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About is an informational website designed to educate readers about the conditions, procedures, and tests associated with vascular surgical techniques. The descriptions presented are intended to deepen the readers understanding of topics such as endarterectomy, stenting, aneurysm, and more while encouraging them to contact their local vascular surgeon or specialist for more information. Read More.

What is Vascular Surgery?

Vascular surgery is a surgical specialty field which addresses the diseases, illnesses, and other conditions that may affect the healthy operation of blood vessels both arteries and veins - throughout the body. The only vessels which are not treated by vascular surgeons are those located in the heart and the brain; those vessels are treated by cardiothoracic surgeons and neurosurgeons.

Men and women trained in vascular surgery can treat a wide range of conditions, from common varicose vein diseases, to the more esoteric conditions affecting diabetics and stroke patients.

Vascular surgery addresses arterial disease, an increasingly common phenomenon which affects men and women, usually as they age. Stroke is a common result of untreated arterial disease, which occurs as the carotid arteries major arteries in your neck - supplying oxygenated blood to the brain become partially or completely blocked. When carotid artery disease is particularly problematic, vascular surgeons can treat the affected area of the artery surgically, removing the buildup that has caused the artery to become blocked.

In diabetic vascular disease, buildup occurs in arteries throughout the bodies of men and women with diabetes. These arterial buildups often occur in the legs of diabetic patients, in a condition known as peripheral artery disease, or PAD. There are several different courses of treatment for diabetic vascular disease. One of the more common treatments is angioplasty and stenting, a minimally invasive vascular surgery procedure which involves making a small incision in the artery of the leg and inserting a thin tube, or catheter. The catheter is used to deliver a special balloon which is inflated and then deflated in the area of the blockage in an effort to widen the vessel. In some cases, the angioplasty is followed by the insertion of a metal meshwork tube, or stent, which acts to keep the artery from narrowing again.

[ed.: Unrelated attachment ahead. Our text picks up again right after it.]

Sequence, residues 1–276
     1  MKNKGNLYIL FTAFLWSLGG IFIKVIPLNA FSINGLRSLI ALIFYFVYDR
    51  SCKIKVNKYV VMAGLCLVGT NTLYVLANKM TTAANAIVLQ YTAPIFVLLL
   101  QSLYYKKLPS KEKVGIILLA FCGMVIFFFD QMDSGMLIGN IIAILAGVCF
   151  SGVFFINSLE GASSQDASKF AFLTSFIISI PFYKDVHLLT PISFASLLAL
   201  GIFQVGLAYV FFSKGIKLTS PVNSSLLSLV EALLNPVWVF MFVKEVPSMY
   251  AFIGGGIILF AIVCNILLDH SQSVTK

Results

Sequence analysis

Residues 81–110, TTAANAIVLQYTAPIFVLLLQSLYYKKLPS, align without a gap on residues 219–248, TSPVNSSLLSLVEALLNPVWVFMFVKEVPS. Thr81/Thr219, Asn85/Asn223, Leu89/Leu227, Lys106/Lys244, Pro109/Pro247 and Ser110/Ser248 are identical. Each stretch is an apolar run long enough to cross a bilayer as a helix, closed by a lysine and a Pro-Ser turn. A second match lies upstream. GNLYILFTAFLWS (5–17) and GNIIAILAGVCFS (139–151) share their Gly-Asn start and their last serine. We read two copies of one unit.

While vascular surgery deals with many conditions which arise as the result of other underlying diseases, it also addresses the diagnosis and treatment of several diseases which primarily target the vessels, including scleroderma and Raynauds disases.

Scleroderma is a disease which is characterized by hardening of the vessels, as well as other vascular alterations. Raynauds disease is a condition which can result in the discoloration of fingers and toes, and is thought to be associated with spasms that restrict the regular flow of blood to the extremities.

Currently in the United States, there are two paths to becoming a vascular surgeon: a five-year residency in vascular surgery, followed by a 1- to 2-year fellowship in the field; or a five- to six-year vascular surgery residency.